The workers laid off from GM Lordstown will be determined by seniority, Morales and Johnson said. Layoffs are indefinite, although attrition of workers could result in some employees being recalled.
The layoffs result from slumping small car sales across the board, not just for the Cruze or GM. With gas prices sticking around the $2 mark and consumers once again having money to spend on more expensive, larger vehicles following the Great Recession, sales are turning back to trucks and SUVs.
Last month, the Cruze posted its third consecutive month of year-over-year sales gains, but year-to-date sales are down nearly 20% from 2015, according to GM’s monthly sales report issued Nov. 1. During the first generation of the Cruze, monthly sales were generally around 20,000 cars per month. Since the introduction of the second generation early last year, that number has dropped to about 17,000.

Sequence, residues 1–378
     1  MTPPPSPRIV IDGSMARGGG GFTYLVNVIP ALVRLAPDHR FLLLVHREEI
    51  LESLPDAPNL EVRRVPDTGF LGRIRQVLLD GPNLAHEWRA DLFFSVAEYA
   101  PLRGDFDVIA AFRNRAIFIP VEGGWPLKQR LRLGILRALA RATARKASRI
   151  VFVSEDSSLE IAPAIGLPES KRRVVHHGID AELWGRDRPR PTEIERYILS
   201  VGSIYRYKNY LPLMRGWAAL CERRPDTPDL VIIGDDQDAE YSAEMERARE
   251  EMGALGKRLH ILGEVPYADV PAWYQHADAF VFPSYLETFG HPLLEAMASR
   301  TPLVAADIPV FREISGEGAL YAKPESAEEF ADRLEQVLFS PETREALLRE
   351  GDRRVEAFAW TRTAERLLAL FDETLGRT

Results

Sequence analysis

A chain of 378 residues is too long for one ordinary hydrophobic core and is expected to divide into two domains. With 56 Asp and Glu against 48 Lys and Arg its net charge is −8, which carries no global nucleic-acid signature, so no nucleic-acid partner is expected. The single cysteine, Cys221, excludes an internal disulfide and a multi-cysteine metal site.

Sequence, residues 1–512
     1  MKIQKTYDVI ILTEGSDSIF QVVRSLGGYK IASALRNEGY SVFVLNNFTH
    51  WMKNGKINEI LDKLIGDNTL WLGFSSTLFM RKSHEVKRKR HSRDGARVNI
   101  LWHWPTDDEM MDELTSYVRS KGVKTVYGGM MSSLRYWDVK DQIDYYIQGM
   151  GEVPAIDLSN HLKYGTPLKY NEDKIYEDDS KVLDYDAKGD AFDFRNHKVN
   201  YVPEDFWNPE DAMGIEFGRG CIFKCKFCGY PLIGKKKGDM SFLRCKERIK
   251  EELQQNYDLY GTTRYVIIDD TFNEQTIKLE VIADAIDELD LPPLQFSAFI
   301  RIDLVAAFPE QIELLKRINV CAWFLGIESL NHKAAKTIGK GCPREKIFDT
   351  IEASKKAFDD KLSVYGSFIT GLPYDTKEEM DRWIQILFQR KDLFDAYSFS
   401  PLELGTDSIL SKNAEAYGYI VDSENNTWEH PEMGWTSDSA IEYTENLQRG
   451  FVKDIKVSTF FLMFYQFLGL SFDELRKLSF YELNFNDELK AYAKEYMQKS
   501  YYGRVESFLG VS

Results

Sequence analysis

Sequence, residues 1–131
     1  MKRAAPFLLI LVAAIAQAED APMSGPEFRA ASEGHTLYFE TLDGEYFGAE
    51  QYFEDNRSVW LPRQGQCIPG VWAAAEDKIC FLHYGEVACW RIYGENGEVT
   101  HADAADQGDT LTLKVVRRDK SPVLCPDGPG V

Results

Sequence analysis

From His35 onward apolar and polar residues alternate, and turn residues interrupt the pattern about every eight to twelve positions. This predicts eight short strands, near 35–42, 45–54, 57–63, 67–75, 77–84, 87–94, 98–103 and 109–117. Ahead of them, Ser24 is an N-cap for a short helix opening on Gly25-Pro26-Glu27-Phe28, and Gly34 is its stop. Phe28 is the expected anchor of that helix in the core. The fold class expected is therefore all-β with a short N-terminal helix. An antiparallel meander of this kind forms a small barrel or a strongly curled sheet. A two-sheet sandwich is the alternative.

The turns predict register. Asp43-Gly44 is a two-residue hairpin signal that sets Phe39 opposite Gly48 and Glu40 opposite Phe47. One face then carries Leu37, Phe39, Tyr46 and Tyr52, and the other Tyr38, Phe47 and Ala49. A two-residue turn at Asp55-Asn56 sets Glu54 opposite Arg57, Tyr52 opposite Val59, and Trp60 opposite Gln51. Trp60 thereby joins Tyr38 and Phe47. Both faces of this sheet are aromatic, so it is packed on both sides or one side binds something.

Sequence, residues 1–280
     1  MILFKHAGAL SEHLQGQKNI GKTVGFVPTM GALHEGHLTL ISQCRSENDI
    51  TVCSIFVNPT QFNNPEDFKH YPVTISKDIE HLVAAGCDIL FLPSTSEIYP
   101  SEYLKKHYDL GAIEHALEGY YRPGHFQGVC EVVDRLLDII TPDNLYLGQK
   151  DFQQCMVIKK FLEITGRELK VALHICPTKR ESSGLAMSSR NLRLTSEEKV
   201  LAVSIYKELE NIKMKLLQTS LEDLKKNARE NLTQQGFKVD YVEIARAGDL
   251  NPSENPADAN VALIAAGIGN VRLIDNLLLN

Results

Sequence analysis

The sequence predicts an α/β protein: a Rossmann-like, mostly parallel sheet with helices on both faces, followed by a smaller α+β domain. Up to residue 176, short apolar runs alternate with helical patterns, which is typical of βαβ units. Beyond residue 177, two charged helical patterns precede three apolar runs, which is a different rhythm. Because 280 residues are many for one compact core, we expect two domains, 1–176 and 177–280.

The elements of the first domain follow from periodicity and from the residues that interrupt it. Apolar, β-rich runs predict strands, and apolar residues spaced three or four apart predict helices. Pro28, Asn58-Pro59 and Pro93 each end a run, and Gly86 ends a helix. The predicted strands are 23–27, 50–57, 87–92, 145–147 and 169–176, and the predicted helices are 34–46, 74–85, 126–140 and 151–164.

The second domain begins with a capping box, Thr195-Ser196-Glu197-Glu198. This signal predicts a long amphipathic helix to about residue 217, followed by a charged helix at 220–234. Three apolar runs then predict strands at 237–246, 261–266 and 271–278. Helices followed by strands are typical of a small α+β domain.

“It is simply because there is a shift in the buying public’s options for vehicles,” Johnson said. “There’s a shift to buy bigger vehicles that are as fuel-efficient as some of the cars we had a decade ago.”
UAW leaders and GM management met last week to review scheduling for 2017 and the union team was notified Monday of the decision. Meetings were held at 7 a.m. and 3 p.m. for union members to inform them, with the second meeting recorded to be shown to the third shift workers.